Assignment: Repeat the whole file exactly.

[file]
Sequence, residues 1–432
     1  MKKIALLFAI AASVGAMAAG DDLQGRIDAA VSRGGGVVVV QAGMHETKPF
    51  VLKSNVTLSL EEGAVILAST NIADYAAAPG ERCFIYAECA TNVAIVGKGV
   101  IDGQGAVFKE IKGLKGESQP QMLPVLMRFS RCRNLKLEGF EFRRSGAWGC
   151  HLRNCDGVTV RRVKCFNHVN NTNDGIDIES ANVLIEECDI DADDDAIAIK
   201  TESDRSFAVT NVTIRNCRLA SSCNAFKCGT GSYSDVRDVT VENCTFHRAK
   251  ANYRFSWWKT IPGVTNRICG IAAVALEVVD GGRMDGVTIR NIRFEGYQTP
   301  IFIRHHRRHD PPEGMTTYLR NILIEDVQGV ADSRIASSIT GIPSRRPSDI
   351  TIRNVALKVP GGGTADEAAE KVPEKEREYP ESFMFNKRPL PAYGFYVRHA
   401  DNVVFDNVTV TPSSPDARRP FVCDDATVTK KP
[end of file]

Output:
Sequence, residues 1–432
     1  MKKIALLFAI AASVGAMAAG DDLQGRIDAA VSRGGGVVVV QAGMHETKPF
    51  VLKSNVTLSL EEGAVILAST NIADYAAAPG ERCFIYAECA TNVAIVGKGV
   101  IDGQGAVFKE IKGLKGESQP QMLPVLMRFS RCRNLKLEGF EFRRSGAWGC
   151  HLRNCDGVTV RRVKCFNHVN NTNDGIDIES ANVLIEECDI DADDDAIAIK
   201  TESDRSFAVT NVTIRNCRLA SSCNAFKCGT GSYSDVRDVT VENCTFHRAK
   251  ANYRFSWWKT IPGVTNRICG IAAVALEVVD GGRMDGVTIR NIRFEGYQTP
   301  IFIRHHRRHD PPEGMTTYLR NILIEDVQGV ADSRIASSIT GIPSRRPSDI
   351  TIRNVALKVP GGGTADEAAE KVPEKEREYP ESFMFNKRPL PAYGFYVRHA
   401  DNVVFDNVTV TPSSPDARRP FVCDDATVTK KP